Quest for hardship in Wen's blood
When Premier Wen Jiabao was still a passionate youth, he wrote two 'blood letters' to obtain a hardship posting to remote Tibet when he graduated from the China University of Geosciences.
'I thought to myself, 'A bird will ultimately make it to the blue sky as long as it's being set free',' he said to internet in a live online chat on the central government's website and state media Xinhua.
'My dream at the time was to go somewhere far away,' he said, talking about his personal growth.
While many wonder what Wen's personal life is like, he said he was in fact a family man. 'Just like everyone else, I have my own family and parents in their 90s. However, one thing I regret the most was that I spent too little time with them in the last eight years as premier.'
As a young man, Wen was frail, having twice been diagnosed with tuberculosis after entering university. Treatment forced him to delay his studies. 'That was a heavy setback for me,' Wen said. 'But I have never surrendered. I always knew I would be a useful man one day.'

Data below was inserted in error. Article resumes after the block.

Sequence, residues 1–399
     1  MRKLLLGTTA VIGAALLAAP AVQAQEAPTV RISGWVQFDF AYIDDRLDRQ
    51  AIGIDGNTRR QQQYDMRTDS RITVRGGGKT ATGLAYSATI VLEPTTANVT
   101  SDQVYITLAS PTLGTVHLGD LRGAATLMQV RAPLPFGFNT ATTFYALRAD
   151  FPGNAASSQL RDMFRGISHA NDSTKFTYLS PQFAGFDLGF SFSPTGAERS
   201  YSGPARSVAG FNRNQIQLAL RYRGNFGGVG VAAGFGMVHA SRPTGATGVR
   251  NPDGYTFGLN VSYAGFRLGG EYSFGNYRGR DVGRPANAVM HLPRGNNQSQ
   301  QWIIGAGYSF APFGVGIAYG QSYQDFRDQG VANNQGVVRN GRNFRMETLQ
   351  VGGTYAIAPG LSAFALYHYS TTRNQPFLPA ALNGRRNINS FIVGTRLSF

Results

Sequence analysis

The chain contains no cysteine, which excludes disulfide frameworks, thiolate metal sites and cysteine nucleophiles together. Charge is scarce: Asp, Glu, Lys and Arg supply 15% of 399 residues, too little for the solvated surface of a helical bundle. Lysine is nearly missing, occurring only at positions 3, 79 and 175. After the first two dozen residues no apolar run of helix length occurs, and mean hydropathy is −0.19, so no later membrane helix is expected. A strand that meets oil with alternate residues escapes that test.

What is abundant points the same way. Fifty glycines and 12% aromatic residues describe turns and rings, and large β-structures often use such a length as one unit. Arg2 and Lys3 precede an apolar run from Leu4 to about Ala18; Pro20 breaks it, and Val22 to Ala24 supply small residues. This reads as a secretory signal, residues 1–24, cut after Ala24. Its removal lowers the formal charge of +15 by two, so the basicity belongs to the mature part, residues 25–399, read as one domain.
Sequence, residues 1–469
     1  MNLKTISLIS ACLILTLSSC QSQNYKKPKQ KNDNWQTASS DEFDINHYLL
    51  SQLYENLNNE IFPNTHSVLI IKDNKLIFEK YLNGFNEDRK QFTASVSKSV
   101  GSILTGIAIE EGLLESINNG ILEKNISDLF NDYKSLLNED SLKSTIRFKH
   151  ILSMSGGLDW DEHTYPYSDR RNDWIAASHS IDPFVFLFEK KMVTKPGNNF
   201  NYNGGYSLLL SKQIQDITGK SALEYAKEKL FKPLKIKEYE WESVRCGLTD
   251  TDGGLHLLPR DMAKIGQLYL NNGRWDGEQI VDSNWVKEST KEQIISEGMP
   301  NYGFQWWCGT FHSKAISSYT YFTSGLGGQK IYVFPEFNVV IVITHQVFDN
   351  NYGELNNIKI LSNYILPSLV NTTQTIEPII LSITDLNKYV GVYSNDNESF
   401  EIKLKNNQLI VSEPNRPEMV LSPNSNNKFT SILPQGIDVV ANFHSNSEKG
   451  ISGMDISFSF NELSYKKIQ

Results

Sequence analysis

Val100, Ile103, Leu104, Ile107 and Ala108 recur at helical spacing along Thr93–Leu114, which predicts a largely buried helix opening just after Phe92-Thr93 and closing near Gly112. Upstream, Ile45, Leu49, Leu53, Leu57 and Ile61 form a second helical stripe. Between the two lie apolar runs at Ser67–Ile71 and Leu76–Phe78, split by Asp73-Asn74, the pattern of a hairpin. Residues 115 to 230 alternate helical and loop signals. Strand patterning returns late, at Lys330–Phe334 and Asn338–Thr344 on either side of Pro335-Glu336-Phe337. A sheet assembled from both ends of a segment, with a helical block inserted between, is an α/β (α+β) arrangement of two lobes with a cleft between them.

Even living in isolation at home and in hospital, Wen said he would not let one single day pass without studying.
'While everyone was sleeping, I would study till midnight, and I rose earlier than all of my classmates. Five years passed just like that, and so did my sickness. I got distinctions in 35 out of 36 subjects,' he said.
When he graduated, his institute asked him to remain in Beijing for postgraduate studies.
'I could well have stayed, but I still made my way to the northwest [China].' He put himself to the test by working as a rural labourer in the underdeveloped region for one year.